Friday, February 26, 2016

The Perks Of Repeating

I have written about hiking Harney Peak many times.

Seriously. Maybe too often. Heck, I've even used it as an example for other things.

So why am I doing it again?

Maybe I should start sitting elsewhere, though...
I have a goal for this year -- a trek up once a month at a minimum -- and that goal has been questioned more than once. Reasonably, I might add. Why would someone go over the same trail so many times? Why pick the same destination over and over when there are so many other options out there?

... It's not an easy goal to defend, as it turns out.

I'm lucky enough to have sampled trails throughout the Hills, but this is one section I've done repeatedly. Over the course of two(ish) decades, I've been up something like 35 times. And over those trips -- from different trailheads with different routes -- I've gotten to the point of being friendly with the area, especially the main trail from Sylvan Lake.

There's something strangely satisfying about the level of familiarity I've finally reached with #9 South. I can look up more. I can stare off into the trees as I walk. I can tell newcomers and tourists how much farther it is up (or down). I know the landmarks and the order they appear. I know which turn to take wide so I can finally stop maiming myself on the same tree root. [Ahem.] I now know that the area I used to refer to as Tornado Alley -- after Atlas in 2013, it looked like Mother Nature had given a few acres of forest a massive swirlie -- now appears to be a mini-Tunguska. And when I get to the top, I apparently kick back on almost the exact same square foot of rock because I know it's moderately comfortable.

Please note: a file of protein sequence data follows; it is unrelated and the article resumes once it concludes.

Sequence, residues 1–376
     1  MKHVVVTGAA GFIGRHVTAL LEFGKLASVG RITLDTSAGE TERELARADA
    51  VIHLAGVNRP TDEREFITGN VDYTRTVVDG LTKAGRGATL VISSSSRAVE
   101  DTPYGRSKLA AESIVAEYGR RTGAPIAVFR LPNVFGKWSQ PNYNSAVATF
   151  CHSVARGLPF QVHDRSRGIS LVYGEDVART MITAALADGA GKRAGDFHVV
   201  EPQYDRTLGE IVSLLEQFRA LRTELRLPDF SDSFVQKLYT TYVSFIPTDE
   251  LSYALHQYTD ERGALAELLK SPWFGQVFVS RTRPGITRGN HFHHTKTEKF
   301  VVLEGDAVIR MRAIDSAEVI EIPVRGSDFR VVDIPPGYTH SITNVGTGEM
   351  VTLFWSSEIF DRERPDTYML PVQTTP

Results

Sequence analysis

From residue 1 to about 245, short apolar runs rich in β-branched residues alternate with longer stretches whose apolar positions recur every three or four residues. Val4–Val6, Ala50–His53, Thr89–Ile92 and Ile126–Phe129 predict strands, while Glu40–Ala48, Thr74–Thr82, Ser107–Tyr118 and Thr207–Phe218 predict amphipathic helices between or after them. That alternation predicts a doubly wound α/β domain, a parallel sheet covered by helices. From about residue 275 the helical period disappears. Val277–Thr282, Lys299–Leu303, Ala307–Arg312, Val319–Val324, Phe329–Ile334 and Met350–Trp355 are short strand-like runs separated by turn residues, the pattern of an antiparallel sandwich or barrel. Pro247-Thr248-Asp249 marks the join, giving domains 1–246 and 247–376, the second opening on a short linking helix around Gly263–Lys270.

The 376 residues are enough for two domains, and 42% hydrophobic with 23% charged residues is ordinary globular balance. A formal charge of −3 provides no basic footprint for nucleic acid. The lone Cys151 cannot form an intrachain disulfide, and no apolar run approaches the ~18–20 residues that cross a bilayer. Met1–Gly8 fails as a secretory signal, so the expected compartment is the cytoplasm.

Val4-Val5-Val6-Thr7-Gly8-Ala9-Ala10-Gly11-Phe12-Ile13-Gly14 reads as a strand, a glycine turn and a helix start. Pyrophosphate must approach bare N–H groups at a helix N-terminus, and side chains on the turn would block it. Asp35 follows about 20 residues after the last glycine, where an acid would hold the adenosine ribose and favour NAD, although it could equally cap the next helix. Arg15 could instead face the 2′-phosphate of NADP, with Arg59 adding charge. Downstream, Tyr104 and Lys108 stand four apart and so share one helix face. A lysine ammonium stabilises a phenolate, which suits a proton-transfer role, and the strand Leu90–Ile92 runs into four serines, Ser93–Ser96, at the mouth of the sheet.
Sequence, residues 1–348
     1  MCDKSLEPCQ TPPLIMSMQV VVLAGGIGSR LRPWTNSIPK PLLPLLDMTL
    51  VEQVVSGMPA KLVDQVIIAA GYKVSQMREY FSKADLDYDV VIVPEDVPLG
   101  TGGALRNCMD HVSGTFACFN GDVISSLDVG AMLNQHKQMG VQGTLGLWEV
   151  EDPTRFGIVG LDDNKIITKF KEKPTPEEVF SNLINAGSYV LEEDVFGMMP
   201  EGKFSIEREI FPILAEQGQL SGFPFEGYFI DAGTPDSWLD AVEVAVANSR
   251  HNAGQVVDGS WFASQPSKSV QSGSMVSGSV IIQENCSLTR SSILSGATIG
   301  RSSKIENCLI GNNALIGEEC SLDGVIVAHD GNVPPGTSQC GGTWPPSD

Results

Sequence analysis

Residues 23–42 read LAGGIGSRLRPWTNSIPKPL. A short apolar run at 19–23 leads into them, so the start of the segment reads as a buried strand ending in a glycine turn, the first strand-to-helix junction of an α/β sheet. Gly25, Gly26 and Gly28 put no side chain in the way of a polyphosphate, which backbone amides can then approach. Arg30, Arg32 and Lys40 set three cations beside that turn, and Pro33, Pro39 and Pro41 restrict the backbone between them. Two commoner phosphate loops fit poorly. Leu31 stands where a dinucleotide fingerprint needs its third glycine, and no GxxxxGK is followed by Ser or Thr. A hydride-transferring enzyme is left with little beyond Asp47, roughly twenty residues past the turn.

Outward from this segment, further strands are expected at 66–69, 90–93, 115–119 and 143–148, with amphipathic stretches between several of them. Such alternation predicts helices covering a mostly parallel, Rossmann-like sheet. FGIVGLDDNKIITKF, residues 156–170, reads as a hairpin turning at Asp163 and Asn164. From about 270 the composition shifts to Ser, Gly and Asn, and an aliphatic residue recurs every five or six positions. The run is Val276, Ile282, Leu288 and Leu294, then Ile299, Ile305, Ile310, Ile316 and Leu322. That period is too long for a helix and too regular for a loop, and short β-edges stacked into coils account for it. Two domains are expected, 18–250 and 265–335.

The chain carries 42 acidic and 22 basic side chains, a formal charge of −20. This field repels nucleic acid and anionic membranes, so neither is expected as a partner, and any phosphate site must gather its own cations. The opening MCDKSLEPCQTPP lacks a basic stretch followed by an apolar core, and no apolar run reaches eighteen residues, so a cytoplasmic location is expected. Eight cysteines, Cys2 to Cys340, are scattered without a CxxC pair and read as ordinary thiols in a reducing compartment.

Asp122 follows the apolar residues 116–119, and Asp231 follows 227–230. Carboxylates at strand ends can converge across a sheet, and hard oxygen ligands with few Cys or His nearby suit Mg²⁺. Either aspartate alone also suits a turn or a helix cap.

Furthermore, I know which routes I like to take down but not up and how much time they can add. I'm learning the side trails and the vistas, slowly but surely, and the payoff?


There are practical benefits, too. This time of year, this is one section of the Hills that I know others will travel. If I'm going to slip on some ice, I'd rather it be in a place where I'm more easily found. (And for that matter, where I'm familiar with the cell coverage.)

While I'm working my way through the trails in the Hills, I'm still going to be coming back here. That familiarity has built to the point where it's more like hiking with an old friend. Trees may fall and the trail may shift and change with the seasons, but in the end? That old friend is still waiting for a walk and a couple quiet hours of conversation.

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